Ghazi Rayan, M.D., Oklahoma City Hand Surgeon

The hand is unmatched
in its complexity to any other organ in the body. It has sophisticated
function but also it embodies beauty and elegance. It is a tool of
communication that expresses our thoughts and our feelings. The hand navigates
our environment. We use our hands to embrace,
to protect, to feel, and even think. The hand is the eye for the
blind, the ear for the deaf, and the articulating mouthpiece
for the speech-impaired. The hand is an
extension of our brains. Human civilization is
the gift of our hands. Hand injury or
disease is disabling, and this is because
this alters our ability to interact with the
environment and function. When I was an orthopedic
resident in Baltimore, I helped in the care of a girl
that came to Johns Hopkins Hospital from Afghanistan. She had a congenital
hand abnormality. Her hand was massively
enlarged, more than twice the normal size. As she was so embarrassed
with her hand, she used to wear long
coats all the time and hide her hand
beneath the coat. Dr. Victor McKusick was
a renowned geneticist, came and lectured us
about her syndrome. Dr. Curtis, my mentor,
performed surgery on her. And I helped in the surgery. When I saw the
outcome of her surgery and the improvement
in the appearance and the function of her hand
and witnessed the thrill that she and her family
had after surgery, I knew that I found my calling. An essential element of
the Hand Fellowship Program is its excellent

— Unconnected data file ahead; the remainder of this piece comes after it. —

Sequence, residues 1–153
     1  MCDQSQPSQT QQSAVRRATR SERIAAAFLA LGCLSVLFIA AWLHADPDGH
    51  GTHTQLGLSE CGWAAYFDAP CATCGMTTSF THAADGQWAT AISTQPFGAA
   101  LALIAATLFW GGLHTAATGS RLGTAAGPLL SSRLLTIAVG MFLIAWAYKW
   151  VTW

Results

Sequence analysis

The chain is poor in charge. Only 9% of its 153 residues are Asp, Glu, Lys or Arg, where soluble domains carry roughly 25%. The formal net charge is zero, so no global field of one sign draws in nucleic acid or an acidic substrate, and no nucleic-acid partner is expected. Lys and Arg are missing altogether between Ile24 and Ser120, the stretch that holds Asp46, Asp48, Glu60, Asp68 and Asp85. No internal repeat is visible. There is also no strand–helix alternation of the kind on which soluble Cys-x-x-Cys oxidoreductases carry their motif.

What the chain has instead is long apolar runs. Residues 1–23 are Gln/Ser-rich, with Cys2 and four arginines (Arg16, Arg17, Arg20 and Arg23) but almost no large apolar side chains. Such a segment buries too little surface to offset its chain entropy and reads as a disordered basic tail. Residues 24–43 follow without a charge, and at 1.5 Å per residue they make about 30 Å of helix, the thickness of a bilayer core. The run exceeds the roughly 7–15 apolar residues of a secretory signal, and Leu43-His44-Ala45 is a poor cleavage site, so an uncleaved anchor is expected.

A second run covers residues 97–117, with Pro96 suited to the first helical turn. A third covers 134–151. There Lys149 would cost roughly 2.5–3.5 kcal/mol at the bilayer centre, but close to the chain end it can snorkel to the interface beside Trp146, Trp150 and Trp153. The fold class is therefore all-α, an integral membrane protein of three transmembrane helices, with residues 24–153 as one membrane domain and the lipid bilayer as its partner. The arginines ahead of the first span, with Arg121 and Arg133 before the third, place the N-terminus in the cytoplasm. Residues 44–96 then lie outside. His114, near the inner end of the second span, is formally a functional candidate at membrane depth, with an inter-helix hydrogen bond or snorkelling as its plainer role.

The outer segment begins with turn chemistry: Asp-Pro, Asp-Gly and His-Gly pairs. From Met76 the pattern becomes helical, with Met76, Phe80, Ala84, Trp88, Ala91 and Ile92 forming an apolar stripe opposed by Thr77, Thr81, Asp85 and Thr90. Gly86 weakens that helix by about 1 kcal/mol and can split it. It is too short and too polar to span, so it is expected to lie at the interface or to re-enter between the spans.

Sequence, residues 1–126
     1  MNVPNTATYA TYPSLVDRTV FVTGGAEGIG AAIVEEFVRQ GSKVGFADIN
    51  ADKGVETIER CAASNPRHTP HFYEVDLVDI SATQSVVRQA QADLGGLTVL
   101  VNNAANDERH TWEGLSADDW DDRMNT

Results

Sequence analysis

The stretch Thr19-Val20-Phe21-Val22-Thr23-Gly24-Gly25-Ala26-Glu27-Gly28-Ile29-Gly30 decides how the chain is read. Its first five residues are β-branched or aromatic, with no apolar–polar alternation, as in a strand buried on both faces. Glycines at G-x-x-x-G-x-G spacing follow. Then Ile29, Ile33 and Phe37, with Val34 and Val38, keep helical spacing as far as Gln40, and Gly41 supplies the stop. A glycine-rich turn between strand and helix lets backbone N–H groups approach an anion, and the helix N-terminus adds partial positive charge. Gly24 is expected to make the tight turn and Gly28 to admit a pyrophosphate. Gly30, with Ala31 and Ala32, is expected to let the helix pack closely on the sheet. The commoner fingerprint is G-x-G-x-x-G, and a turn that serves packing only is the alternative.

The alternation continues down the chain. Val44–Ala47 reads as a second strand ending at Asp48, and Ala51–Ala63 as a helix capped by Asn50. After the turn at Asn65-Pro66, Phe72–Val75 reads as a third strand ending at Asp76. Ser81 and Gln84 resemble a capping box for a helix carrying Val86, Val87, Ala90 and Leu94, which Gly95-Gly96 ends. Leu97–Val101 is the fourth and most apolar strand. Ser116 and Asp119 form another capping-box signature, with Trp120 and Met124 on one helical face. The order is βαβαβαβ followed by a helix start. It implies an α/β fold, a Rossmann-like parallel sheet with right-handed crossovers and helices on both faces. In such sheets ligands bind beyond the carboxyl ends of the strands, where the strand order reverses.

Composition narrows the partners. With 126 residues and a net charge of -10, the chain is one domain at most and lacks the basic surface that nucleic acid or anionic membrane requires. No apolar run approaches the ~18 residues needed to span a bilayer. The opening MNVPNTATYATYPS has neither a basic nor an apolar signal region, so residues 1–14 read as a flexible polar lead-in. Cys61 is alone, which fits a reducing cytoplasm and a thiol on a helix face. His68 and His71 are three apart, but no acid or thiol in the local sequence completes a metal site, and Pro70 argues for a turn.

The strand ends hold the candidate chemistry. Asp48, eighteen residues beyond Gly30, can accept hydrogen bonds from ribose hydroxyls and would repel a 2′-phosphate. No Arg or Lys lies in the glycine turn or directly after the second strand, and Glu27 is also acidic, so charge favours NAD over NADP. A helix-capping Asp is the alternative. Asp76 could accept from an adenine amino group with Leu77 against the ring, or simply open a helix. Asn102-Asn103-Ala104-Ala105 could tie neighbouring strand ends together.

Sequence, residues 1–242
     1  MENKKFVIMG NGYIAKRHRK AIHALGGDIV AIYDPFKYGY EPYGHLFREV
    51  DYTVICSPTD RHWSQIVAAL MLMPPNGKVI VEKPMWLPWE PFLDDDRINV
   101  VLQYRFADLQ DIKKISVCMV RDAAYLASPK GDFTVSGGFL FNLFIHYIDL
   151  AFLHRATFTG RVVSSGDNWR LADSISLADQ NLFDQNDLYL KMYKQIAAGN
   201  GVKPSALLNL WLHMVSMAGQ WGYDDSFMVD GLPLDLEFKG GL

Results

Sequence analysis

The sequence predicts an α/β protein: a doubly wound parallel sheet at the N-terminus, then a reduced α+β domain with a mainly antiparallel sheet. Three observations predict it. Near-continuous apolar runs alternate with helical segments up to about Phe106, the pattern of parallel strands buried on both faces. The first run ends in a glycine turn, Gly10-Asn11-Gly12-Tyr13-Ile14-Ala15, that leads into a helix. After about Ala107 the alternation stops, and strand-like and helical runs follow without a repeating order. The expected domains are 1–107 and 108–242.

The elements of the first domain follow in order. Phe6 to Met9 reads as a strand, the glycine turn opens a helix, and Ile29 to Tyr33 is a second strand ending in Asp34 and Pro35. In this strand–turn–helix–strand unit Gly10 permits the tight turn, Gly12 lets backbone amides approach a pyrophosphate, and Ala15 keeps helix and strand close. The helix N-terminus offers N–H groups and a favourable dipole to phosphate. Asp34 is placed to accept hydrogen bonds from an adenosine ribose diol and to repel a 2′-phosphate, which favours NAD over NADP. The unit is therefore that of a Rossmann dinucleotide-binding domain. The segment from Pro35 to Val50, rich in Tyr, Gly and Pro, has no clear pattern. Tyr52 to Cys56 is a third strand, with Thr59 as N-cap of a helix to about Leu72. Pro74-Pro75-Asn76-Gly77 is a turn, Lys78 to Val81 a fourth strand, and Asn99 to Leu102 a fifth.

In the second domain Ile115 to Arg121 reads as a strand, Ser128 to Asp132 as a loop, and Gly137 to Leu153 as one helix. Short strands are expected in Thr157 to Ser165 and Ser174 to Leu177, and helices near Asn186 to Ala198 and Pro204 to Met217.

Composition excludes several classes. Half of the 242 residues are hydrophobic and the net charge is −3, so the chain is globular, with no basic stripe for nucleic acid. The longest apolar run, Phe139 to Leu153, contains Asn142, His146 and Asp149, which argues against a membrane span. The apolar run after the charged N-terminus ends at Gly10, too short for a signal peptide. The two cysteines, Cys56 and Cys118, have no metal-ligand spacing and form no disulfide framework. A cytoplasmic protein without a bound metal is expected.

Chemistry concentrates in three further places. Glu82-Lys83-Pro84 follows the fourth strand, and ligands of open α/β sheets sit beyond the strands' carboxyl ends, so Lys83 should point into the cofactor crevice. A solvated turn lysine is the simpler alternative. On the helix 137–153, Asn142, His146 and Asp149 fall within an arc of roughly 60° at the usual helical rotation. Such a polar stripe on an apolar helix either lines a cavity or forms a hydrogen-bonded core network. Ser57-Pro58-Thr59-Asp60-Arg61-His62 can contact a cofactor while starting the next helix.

faculty, including Drs. Lehman, Ruffin, Ali,
Adham, and Porembski. Integris Oklahoma City
is the home for the first and only Hand
Fellowship in the state. Orthopedic, plastic,
or general surgeons engage in a one-year
accredited fellowship program to learn the art and science
of hand and microsurgery. Research is a great
pathway for us learning and for improving
our patient’s care. And basic science
and clinical research is constantly evolving and
fundamental to the Hand Fellowship Program. Microsurgery is a
revolutionary technique that allows hand surgeons to
repair very small minute nerves and vessels. And by doing so, we are able to
reattach a completely amputated fingers and limbs. But also we can repair
nerves and restore function to paralyzed limbs. There are myriad of
upper extremity and hand abnormalities and defects that
children may be born with. The greatest gift a
surgeon can give to a child is surgery that will positively
influence the child’s life. Examples of these
surgeries are making a thumb for a child that
was born without one, correcting a severe
deformity of the forearm from a missing bone,
or restoring movement to a completely paralyzed limb
that happened from nerve injury during birth. The gratitude that a child’s
parents express after surgery makes it all worthwhile. Watching a child on a video
after surgery throwing a ball, painting on a canvas, or
playing a musical instrument with the hand that he could
not use before or even more importantly, watching
a child writing me a thank you
note with a thumb– a new thumb that
he never had before is the ultimate
professional satisfaction. It is priceless.

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